CDPA is similar to the CCPA and GDPR, and is based on the same principles of personal data protection. Covered entities have the same responsibilities as under CCPA, including giving users the right to access, view, download and delete personal information from a company’s database.
An entity is covered if it:
- Annually processes the personal information of 100,000 or more Virginia consumers
- Annually processes the data of at least 25,000 people annually but make at least half of their income from selling the data
Virginia’s CDPA uses a narrower definition of what constitutes the sale of personal information than the CCPA. CCPA and GDPR define it as the exchange of personal information, either for money or for other reasons, whereas CDPA narrows down those other reasons to just a few specific cases.
Virginia’s CDPA does not include a private right of action, meaning that Virginia residents cannot sue companies for CDPA violations.
The Colorado Privacy Act (ColoPA):
ColoPA follows in the same footsteps and adheres to the same principles of personal information protection. While CCPA allows consumers to request access to all their personal data (based on personal data is defined under CCPA), ColoPA gives consumers access to information of any kind that the company has collected. It also includes a sensitive data requirement to consent requests. Data processors must request permission to process data that could classify a person into a protected category, such as race or gender.
The Utah Consumer Privacy Act (UCPA):
UPCA is the latest state data security law to be passed in the U.S. Like the previously discussed laws, it uses the example set by the GDPR.
One significant difference is that its definition of personal data only applies to consumer data. This excludes data that an employer has about its employees, or that a business gets from another business.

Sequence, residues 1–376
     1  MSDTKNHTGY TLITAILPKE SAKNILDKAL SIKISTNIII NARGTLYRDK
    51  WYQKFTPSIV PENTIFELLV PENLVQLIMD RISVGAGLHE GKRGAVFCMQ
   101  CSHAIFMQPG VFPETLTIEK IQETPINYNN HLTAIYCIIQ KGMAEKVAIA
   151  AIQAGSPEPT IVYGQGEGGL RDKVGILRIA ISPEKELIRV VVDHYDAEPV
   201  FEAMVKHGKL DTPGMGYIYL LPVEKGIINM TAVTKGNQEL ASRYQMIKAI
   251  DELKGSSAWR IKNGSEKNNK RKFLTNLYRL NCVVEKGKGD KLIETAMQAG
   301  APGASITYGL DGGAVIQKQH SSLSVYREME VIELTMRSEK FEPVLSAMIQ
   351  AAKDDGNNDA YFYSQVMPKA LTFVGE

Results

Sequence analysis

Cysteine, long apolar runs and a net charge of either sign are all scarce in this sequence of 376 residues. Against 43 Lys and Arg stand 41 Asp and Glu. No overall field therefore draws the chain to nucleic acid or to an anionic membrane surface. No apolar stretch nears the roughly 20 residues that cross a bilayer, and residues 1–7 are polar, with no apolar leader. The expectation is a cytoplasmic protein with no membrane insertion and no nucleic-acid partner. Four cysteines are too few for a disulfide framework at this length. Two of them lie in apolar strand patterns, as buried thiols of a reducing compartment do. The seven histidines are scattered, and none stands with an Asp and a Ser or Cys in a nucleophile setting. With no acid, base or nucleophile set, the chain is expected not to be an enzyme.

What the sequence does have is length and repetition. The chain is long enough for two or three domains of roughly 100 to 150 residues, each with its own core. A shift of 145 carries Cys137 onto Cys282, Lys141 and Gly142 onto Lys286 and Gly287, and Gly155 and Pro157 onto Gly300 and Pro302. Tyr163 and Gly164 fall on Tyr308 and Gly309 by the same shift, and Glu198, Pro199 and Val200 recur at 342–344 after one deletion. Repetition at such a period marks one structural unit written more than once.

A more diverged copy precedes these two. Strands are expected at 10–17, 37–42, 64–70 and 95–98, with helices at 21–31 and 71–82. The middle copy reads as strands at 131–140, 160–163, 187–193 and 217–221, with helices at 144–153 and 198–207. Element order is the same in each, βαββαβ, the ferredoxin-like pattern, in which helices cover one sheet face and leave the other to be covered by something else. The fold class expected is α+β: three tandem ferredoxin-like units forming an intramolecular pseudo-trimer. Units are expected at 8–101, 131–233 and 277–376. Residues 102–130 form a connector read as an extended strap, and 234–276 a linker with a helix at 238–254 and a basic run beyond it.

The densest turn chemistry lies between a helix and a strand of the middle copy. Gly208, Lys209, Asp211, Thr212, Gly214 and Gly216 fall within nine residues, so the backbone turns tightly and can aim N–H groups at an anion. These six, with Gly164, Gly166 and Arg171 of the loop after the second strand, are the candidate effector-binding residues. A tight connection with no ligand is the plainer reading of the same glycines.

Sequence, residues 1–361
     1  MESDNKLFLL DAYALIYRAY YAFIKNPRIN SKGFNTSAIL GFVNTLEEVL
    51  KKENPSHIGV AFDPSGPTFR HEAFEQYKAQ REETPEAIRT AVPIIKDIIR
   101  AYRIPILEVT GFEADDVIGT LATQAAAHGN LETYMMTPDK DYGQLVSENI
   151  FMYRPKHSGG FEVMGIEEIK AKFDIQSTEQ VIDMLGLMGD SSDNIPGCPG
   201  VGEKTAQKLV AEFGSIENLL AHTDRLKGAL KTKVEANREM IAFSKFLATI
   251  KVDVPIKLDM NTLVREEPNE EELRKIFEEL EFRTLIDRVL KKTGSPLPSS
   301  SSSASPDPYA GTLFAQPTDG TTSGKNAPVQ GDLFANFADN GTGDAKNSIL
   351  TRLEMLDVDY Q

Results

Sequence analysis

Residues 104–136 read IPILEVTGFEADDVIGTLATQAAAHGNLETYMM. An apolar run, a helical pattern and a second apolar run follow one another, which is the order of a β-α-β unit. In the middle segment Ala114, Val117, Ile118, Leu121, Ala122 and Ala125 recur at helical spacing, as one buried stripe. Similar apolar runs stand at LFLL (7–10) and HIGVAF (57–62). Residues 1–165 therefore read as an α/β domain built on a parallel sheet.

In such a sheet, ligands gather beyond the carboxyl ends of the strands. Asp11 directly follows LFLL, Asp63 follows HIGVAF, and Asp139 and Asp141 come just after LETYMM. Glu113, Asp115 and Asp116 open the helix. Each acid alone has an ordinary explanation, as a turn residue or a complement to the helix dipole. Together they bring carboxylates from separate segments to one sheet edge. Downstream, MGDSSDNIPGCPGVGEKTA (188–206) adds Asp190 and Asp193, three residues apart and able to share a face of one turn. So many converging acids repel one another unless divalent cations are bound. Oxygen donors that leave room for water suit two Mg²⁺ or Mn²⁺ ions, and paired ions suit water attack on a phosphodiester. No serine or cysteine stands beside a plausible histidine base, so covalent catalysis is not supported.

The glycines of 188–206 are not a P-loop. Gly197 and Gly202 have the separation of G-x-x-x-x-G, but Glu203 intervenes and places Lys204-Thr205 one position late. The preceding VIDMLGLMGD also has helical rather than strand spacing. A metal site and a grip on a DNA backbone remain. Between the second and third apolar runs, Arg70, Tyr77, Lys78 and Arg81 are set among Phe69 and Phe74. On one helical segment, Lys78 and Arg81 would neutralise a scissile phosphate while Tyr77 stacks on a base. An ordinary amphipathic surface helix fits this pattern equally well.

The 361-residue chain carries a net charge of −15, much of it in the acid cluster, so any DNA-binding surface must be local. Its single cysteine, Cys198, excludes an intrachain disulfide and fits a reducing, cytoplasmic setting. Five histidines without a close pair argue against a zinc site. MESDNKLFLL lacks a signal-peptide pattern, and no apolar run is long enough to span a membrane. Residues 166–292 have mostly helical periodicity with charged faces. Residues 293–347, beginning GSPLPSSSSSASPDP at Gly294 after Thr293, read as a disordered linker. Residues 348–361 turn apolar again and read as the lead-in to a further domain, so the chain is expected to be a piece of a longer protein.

There is also no requirement for data protection assessments. Colorado requires a recurring security audit for all data processors to ensure they’re implementing reasonable data security measures, but Utah does not. There’s also a $25 million annual revenue threshold for data processors — entities earning less than that are not required to comply.
Data Privacy Practices in Action
- Treliant knows data privacy is of the utmost importance when it comes to their consulting services for the financial industry. They highlight their privacy statement and cookies policy in an easy-to-find location right next to their newsletter sign-up. Sharing a transparent view into how you value the privacy of customers and business partners establishes trust right from the start. You can read more about how we helped lay the groundwork for data privacy in Treliant’s site design in our case study.
- Metron puts data privacy front and center the moment you visit their website. For first-time visitors, a banner prompts users for their preferences about how their information is tracked and kicks off the conversation with a sense that they value what’s most important to their audiences.
- Ferrari gives their customers links to declaration forms that comply with both CCPA and GDPR guidance. These give their site visitors power over their personal data and speak to the overall level of conscientious quality, care and service that the name Ferrari stands for.
If you want to go on an even deeper dive into data privacy or stay updated on the most current laws and regulations, be sure to bookmark these resources:
- National Conference of State Legislatures – State Laws Related to Digital Privacy
- Termly.io – Data Privacy & Web Accessibility: What’s the Link?
- PrivacyPolicies.com – Costs of Non-Compliance with Privacy Laws
We’ve Got You Covered
And on the topic of data privacy, if you’re currently using Google Analytics to collect data on your site, it’s time to upgrade to Google Analytics 4. This new instance of Google Analytics is designed with privacy protection as a part of its DNA.
We’ve got the experts and resources to guide you through every aspect of your web design journey, including compliance and accessibility. Get in touch and let us know where we can help out.